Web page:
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jackdan594 avatar 12:27 AM on 06.10.2012  (server time)
The Hype Machine: Why it can ruin a game

Before I get into this, letís get something straight. Iím sure most of you realise that what follows will be my personal experiences with a game, and is not a reflection of said gameís quality. Because no matter how well-made, fun or engrossing a game is, the hype generated by either the internet or your expectations can make or break it.

The number of games that I have ruined for myself through hype is staggering. Probably the biggest in that list is Battlefield 3. For years I wanted it, at one point Googling it daily just to see if there had been any announcements. This was a game that I had the very biggest expectations for. Its announcement only added to my expectations, as the original 12 minute trailer just looked brilliant.

Of course, the extent to which I wanted this game was always setting me up for disappointment. Itís not that Battlefield 3 was a bad game, but there came a moment after I had been playing for a few weeks where I thought, ĎHuh, so this is it.í Something was missing, this wasnít how I had pictured it. Teamwork was pretty much non-existent, the maps felt uninspired, and perhaps the most shocking part was playing it just made me want to go back and play Bad Company 2 instead.

And that is exactly what I have been doing for the past 9 months. This is a game I had been playing since launch day in 2010, and a game where I feel right at home in. Every inch of every map was familiar to me, unlike Battlefield 3. Even the campaign was better, because battlefield 3 felt like it was straight out of a B-grade film.

And Tekken 6. Oh boy, Tekken 6. This is a game that I played about 3 times before taking it back. Again, not a bad game, but after years of playing Tekken: Dark Resurrection on my PSP, something felt missing.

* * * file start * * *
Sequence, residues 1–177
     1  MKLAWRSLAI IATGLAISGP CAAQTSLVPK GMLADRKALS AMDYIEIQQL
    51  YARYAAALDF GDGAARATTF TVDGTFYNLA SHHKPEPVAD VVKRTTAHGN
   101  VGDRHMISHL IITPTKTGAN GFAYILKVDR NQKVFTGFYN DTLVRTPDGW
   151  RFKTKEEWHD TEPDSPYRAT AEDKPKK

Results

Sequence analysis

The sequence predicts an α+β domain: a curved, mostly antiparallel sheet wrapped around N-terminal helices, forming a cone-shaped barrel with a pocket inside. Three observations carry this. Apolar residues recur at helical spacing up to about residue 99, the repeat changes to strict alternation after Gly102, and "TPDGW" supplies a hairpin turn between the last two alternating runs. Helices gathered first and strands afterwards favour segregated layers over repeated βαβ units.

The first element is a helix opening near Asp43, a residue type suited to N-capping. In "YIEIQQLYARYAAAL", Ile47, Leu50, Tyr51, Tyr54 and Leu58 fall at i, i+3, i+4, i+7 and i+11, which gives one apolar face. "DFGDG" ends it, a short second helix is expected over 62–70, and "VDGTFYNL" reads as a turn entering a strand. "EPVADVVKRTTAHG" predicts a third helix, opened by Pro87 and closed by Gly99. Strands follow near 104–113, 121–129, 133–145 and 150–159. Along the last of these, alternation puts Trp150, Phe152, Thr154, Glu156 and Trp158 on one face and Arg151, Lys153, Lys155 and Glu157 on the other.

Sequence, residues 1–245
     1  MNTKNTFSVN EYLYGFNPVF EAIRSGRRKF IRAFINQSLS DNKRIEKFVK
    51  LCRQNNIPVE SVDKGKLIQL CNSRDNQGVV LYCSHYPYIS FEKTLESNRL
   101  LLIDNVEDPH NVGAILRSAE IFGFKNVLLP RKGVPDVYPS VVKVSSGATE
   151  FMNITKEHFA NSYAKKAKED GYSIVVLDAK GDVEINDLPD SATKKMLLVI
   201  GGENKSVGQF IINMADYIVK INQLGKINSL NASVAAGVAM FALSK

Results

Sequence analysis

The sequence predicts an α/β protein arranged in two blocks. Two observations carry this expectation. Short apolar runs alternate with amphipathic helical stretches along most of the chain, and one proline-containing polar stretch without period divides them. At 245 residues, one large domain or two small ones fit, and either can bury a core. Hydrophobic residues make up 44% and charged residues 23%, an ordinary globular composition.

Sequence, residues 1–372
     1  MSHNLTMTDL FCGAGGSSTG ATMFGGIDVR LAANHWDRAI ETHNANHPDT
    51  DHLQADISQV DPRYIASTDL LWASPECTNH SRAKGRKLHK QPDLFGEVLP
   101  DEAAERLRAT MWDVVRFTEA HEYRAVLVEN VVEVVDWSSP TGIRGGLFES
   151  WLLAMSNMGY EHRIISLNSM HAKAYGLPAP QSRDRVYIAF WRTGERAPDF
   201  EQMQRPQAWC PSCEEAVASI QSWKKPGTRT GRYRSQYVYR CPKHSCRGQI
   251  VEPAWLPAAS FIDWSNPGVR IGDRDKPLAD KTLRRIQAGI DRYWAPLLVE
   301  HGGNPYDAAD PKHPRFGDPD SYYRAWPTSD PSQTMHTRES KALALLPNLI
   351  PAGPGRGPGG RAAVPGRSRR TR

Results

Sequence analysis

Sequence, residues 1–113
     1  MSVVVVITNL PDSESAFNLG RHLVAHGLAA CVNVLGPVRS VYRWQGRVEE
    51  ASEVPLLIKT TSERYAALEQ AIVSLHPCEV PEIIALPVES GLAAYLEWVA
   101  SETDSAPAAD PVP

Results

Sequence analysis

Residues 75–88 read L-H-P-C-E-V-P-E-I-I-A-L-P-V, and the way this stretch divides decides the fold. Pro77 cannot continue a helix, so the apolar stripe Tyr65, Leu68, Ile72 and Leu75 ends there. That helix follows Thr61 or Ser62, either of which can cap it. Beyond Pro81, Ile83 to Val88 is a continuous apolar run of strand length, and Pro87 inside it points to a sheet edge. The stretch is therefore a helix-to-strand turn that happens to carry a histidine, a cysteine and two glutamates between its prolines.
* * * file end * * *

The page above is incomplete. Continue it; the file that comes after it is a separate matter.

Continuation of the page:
I canít do a blog like this without mentioning my PlayStation Vita. I use my Vita almost daily Ė but not for games. Itís for music, or Facebook, or spinning the world around on Welcome park while making the floating icons collide. It really boils down to all the games I pictured playing on it. I watched its announcement live when it was the NGP, and pictured myself playing Killzone, LittleBigPlanet, Bioshock, Gravity Rush and more shortly after launch. None of these have happened yet, Killzone hasnít even been revealed. But with all the games lined up for later this year, I think the Vita might just get used a lot more.

But everything Iíve said above can also work the other way around. Games mostly hated, be it critically or by players in general, can be great experiences when going in blind. This is what happened with Haze.

I bought Haze for $15 preowned a year or two after it was released. I had seen no reviews, heard nobodyís opinion, and saw it as that game I heard of years ago that got delayed a lot. And I had an absolute blast with it. This and Resistance: Fall of man were my first experiences with the PS3, and I loved them both. Hazeís online component was mostly empty by that time, but Resistance had a loyal fanbase, and still has one awesome server running today that is one-shot kills, which still gets the odd game out of me.

Who could hate The Simpsons Skateboarding? It was one of my fondest PS2-era memories, along with Road Rage and Hit & Run. I was shocked to find Skateboarding had 1/10 reviews everywhere, and Road Rage around the 4/10 mark. My 15-year-old self would have given them both 10s.

This is why Iíve never used a review to convince me of a game. Skyrim bored me like crazy, I loved Medal of Honor, and hated Modern Warfare 3. As for the games soon to be released that I am excited for (The Last of Us, Most Wanted, Halo 4), I just hope they donít disappoint, and will avoid their reviews upon release like the plague.

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